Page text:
A lot happened last week at the Great American Beer Festival. Award-winning brewers received prestigious gold, silver and bronze medals in 84 beer categories covering 138 different beer styles. More than 620 breweries could be found in the festival hall, serving more than 3,100 beers to 49,000 attendees. But one of the biggest new releases at the event (and we do me BIG), was the debut of San Diego’s Mission Brewery‘s first quart-sized cans — the first to be used by a U.S. microbrewery.
Mission’s quart “cannons” hold the ambitious microbrewery’s increasingly popular Shipwrecked Double IPA and its hoppy new session beer, El Conquistador Extra Pale Ale. These gigantic canned brews are also appearing now on retailer shelves in California and Colorado. The cannons will reach our other states over the next few weeks. The quart cans are Mission’s first entry in the popular canned craft beer niche.
The move to quart cans came about earlier this year when Mission founder Dan Selis was in a meeting with his local distributor. “One of their staff,” Selis recalled, “said, ‘I’m waiting for a microbrewery to get off its ass and put out a beer in an oil can like Fosters.’ After the meeting I couldn’t stop thinking about that.”
Selis and his staff accepted the 25-ounce can challenge, only to discover Ball Packaging’s new quart can. The 32-ounce can allowed Mission to take the bigger can idea up several more ounces and it fit with Mission’s goals.
“We’re always looking for ways to make better beer and have more fun,” Selis said. “And we like the benefits of cans and had been thinking about using them. The quart can meant we could hit those two goals and embrace aluminum cans in a fashion that smashes the status quo.”
”The idea of our luscious beers in a gigantic quart can cracked us up,” said Martin Saylor, Mission’s national sales director, “and no microbrewery has ever done them before. We couldn’t resist the idea. Now we’re the little brewery with the huge package and a great beer.”
El Conquistador is a low-alcohol hoppy showcase. It sports the hop charms one expects in an IPA, but in an ultra-quaffable ale of just 4.8-percent ABV. Complex, El Conquistador is built with pale malts, a touch of crystal malt and a few treasure chests of Centennial and experimental hops.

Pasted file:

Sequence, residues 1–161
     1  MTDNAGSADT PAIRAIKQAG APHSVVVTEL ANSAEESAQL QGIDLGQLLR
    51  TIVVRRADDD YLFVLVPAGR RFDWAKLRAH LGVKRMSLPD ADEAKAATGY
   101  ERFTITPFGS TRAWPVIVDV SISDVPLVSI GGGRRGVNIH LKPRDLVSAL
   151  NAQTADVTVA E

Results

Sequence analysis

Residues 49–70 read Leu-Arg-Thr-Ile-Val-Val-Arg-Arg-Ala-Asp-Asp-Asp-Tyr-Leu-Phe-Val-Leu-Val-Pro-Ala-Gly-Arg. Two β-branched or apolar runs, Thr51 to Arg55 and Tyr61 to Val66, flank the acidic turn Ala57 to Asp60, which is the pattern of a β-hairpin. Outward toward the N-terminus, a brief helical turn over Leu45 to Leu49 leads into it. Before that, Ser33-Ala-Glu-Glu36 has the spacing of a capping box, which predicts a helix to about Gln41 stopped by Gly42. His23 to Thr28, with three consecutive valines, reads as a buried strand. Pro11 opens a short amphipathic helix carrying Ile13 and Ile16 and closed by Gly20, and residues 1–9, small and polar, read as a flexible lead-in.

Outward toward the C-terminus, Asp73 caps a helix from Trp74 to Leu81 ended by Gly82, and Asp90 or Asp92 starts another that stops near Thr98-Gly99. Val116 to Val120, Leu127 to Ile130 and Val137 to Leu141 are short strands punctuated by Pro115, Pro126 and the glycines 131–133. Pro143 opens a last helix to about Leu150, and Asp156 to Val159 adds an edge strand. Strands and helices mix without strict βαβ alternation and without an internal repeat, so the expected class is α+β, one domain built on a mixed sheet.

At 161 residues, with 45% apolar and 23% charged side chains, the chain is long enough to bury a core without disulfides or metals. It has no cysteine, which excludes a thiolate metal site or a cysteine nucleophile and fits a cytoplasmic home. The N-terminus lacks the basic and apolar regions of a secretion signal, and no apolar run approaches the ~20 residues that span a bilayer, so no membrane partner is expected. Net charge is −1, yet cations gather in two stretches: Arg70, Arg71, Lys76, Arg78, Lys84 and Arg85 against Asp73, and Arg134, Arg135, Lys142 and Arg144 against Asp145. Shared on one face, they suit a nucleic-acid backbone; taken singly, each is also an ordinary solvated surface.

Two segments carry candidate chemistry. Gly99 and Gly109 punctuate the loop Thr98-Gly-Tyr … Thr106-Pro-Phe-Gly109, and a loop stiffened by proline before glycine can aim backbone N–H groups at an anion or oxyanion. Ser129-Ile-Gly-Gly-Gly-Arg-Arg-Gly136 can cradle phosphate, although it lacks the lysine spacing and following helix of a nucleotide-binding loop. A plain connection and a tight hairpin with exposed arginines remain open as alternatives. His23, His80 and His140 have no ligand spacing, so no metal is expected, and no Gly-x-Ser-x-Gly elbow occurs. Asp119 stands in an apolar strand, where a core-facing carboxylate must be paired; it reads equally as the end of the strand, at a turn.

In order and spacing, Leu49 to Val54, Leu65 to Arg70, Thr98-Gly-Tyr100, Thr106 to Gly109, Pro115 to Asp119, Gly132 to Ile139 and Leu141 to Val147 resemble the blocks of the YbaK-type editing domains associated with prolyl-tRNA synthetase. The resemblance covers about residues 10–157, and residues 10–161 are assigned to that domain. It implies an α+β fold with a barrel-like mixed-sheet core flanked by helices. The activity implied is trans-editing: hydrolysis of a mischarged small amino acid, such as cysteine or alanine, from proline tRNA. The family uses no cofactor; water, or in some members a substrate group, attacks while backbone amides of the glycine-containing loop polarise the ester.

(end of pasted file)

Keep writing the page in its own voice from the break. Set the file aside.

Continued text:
“It’s the ultimate session beer for hopheads,” said Mission head brewer John Egan.
Shipwrecked Double IPA delivers the unctuous hop punch you’d expect in a West Coast IIPA, but with an equally hearty compliment of malted barley. The beer is lush with pine, citrus and candied grapefruit notes from a hop blend that includes Cascade and Magnum hops. These charms meld with chewy caramel notes, a velvety body and a slow bite of finishing hops. The beer is 9.25-percent ABV.
Like all cans, Mission’s quart cans offer full protection from light and oxygen damage, are welcome in places bottles aren’t allowed, and help Mission shrink its carbon footprint for shipped beer. “But our cans,” he added, “also deliver two full pints of our beer. So Mission fans get a big-volume beer in a lightweight, ultra-portable, infinitely recyclable, freshness-keeping cylinder.”
“They’re also pretty hilarious to see,” Saylor added, “and make for a unique and jarring presentation for our small-batch beers. Our retailers are very excited about them.” The cans are filled on a Cask Brewing Systems machine that was custom-built for Mission and the 32-oz cans.
“Craft brewers,” said Ball Packaging’s Jerod Brody, “are incredibly creative in finding ways to make their brands stand out, and few packages make a bigger impact than our 32-ounce can. Not only does it provide a huge 360-degree billboard for branding, it’s also shareable and encourages socializing with friends.”